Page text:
I earned the original bag at the Lupus Walk, along with a tent-like T-shirt, a purple rubber awareness bracelet so big I could slide it all the way to my shoulder, and a handful of toe and hand warmers I kept in my glove compartment for my eventual stranding on an Interstate in a blizzard (a disaster with variables I could ostensibly control with this annual hoarding of the Lupus Walk freebies—plus a deep stash of Goldfish). The faux suede, 80s-mom-jeans colored tote, lined with equally faux stitched leather, had to be discarded post-Sandy. Back in the house, I had stored my smaller bags in my larger bags directly on the floor of the closet, due to severe lack of storage space. Also due to lack of space—but my frugality as well—I did not have very many bags.
Frugality is funny now.
I have never been a big spender, but in the year before the storm, I had redoubled my efforts because Steve was going back to school. So, instead of buying a new bag, I’d go up into the attic and root around for an old bag that might feel new again—or newly acceptable. Maybe that too-glitzy hand-me-down I couldn’t not keep because, well, it’s the thought that counts? Or Mom’s leather Coach bag, which she had only allowed herself to buy because there were no ostentatious C’s on it? Why not use these? You have built-in handbags right here in your house!
It was as a direct result of this line of thinking that most of these back-up bags were on the main floor, literally on the floor, when the water came in. Two or three had been tucked inside the excessively waterlogged tote. As I remember, the so-called Lupus Bag dribbled fishy water all the way to the tall pile of belongings at our curb, and was not an easy toss. I do not suggest ever wearing faux suede to a deck party.
My out-of-town friends, who suffered through miles-long checkpoints during the gas shortage to check on us and eventually whisk us out of Long Beach (having heard rumors of brazen walk-in robberies, martial law, crazed shotgun-toting homeowners, toxic water, rivers of gasoline, and exploding cars—all only partially true), gave us all kinds of things they imagined we might need. One day, Stacey picked me up from Joyce’s house to drive me to work (it was an Olympic-level egg-and-spoon race; I was so fragile and they scooped me up effortlessly). As I stepped out, into the hands of Jill and Alison who had prepared my homework packet and possible sub plans, Stacey offered to give me her own hard-earned Lupus Bag.
“Sure, I’ll take it! I have to carry around all these FEMA and insurance papers and my school bag is completely full!”
And just like that, Stacey’s Lupus Bag became my Hurricane Bag. A few times, I have left it behind: to walk the High Line, for our tenth anniversary dinner, at last night’s bachelorette party. To my credit, though, I have not ever lost it. There is not much else since the storm that has not been misplaced at least twice (including my car), but that bag is psychically sewn to me. I would consider having it surgically attached, but there is actually not a body part that would support its weight.
Currently it contains, among other things:
-two notebooks filled with names, phone numbers, fax numbers, and notes and instructions about how to proceed in one thousand different directions during every waking hour, from: demolition, emergency waste removal, environmental remediation, and mold abatement specialists; our mortgage bank, insurance broker, homeowner’s and flood insurance companies; car insurance broker and claims department (each of whom believed in every instance that I should have called the other); five claims adjusters; two salvage guys and the company that actually towed our defunct cars away (in one case, accidentally) and then promptly lost them; the oil, gas, electric, and cable companies; the Department of Motor Vehicles, car dealer, leasing company, and police department; the company that had provided our $7500 drainage system which met its eventual demise at the bottom of the sea less than a year after its installation; our contractor, architect, surveyor, electrician, and plumber; the city and the county; the local floodplain administrator, FEMA, ICC , SBA, and New York Rising—to be brief.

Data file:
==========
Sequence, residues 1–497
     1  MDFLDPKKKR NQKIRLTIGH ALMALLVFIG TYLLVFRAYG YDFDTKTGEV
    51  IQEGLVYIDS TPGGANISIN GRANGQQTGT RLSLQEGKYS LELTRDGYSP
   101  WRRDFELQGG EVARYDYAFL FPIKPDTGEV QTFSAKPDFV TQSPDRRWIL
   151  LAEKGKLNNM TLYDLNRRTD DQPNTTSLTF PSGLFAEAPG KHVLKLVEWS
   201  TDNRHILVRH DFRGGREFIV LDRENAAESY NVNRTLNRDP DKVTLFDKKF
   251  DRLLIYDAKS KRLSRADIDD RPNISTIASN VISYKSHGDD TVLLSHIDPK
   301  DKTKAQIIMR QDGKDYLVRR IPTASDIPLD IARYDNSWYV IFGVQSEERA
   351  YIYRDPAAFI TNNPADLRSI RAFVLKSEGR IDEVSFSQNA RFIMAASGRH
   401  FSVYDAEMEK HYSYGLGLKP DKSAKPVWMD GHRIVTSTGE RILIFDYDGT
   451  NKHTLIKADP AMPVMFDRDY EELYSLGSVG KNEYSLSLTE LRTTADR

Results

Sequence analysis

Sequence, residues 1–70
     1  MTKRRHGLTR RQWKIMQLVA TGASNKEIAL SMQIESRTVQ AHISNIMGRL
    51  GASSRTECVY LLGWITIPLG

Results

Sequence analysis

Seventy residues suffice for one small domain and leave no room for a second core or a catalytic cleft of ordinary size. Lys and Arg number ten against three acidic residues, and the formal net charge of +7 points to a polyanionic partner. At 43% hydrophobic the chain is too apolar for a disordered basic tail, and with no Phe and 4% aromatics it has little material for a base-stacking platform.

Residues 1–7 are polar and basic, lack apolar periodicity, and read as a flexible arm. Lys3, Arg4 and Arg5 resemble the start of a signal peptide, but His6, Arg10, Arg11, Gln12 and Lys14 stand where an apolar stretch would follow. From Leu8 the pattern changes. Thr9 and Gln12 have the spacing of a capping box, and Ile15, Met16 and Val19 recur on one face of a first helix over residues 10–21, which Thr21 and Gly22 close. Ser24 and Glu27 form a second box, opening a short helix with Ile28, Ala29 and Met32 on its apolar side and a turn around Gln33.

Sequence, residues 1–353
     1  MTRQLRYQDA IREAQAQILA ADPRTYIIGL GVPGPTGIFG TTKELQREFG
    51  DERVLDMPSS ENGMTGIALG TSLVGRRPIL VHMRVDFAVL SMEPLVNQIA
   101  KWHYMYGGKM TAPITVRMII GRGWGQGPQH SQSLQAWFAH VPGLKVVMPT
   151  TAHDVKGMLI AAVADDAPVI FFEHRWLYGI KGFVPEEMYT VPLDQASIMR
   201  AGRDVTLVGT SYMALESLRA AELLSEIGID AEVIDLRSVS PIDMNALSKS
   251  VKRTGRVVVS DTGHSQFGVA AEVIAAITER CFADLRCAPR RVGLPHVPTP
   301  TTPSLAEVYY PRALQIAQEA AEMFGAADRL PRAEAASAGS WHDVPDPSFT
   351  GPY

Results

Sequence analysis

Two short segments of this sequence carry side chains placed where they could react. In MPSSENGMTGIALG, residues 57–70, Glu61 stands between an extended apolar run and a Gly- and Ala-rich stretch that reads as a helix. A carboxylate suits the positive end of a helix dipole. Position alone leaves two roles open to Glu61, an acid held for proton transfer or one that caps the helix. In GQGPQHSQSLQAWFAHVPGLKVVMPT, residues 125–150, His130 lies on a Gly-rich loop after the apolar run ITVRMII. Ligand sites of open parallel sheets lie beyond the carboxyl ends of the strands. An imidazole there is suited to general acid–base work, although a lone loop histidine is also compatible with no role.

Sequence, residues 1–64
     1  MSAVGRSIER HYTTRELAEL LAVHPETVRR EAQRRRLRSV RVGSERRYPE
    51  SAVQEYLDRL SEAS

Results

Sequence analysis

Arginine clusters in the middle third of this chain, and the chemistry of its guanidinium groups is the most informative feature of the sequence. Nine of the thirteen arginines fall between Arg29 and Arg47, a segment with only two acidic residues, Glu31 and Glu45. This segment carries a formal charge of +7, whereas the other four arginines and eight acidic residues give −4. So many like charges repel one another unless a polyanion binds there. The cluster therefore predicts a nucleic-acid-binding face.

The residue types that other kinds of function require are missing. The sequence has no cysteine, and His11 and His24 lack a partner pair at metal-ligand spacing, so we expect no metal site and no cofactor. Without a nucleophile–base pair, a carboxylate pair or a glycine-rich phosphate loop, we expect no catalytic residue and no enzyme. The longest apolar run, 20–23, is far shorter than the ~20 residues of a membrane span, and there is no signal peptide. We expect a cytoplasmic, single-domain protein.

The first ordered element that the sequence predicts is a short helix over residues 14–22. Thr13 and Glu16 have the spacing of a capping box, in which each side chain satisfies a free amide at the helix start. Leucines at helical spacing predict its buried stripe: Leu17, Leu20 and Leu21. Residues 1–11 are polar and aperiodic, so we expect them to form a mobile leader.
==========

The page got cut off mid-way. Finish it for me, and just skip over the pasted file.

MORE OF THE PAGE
-160 pages of paperwork in three separate folders for our still-pending government disaster and mitigation loans (and this for a couple with credit ratings of over 800)—plus an envelope of receipts collected so they can determine how much we’ve spent on recovery and only loan us, as I understand it, the exact amount we’ve already spent.
-34 pages of paperwork plus an explanatory packet from our caseworker at the state program with several possible names (NY Sandy Help, the NY Rising Housing Recovery Program, or Recreate NY Smart Home Programs)—but zero inspectors, a supposedly necessary yet to date nonexistent part of the process leading to this “Help.”
So, for the better part of every business day, my tension-wracked back must bear this traveling file cabinet housing these folders and more. Each afternoon I stop by our shell of a house and stuff it further, emptying the mailbox strung to a sliver of fence. Intermittently I lighten my burden, like when I gave up on FEMA ever helping us with rent as we rebuild. At 96 pages of pleading proof of need, I pulled the folder for good.
As I staggered out of school laden with bags on the last day, I was not too jazzed about summer. Pitiful, I know, but what did excite me was the prospect of returning to school in September sans Hurricane Bag.
September has arrived, and it sits by the door alongside my schoolbooks again, looking unstylish and sturdy as ever. On Tuesday, my colleagues will see me carrying it and know all that they need to know about our progress. Like my mother, I never had a statement bag—until now.